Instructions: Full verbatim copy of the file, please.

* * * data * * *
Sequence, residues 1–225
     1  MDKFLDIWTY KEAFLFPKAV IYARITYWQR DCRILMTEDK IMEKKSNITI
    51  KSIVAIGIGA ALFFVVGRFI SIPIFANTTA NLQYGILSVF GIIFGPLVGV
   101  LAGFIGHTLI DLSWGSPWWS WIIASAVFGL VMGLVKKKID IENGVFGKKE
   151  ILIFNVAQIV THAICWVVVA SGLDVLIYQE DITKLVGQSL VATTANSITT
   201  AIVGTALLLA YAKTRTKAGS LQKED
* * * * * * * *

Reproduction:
Sequence, residues 1–225
     1  MDKFLDIWTY KEAFLFPKAV IYARITYWQR DCRILMTEDK IMEKKSNITI
    51  KSIVAIGIGA ALFFVVGRFI SIPIFANTTA NLQYGILSVF GIIFGPLVGV
   101  LAGFIGHTLI DLSWGSPWWS WIIASAVFGL VMGLVKKKID IENGVFGKKE
   151  ILIFNVAQIV THAICWVVVA SGLDVLIYQE DITKLVGQSL VATTANSITT
   201  AIVGTALLLA YAKTRTKAGS LQKED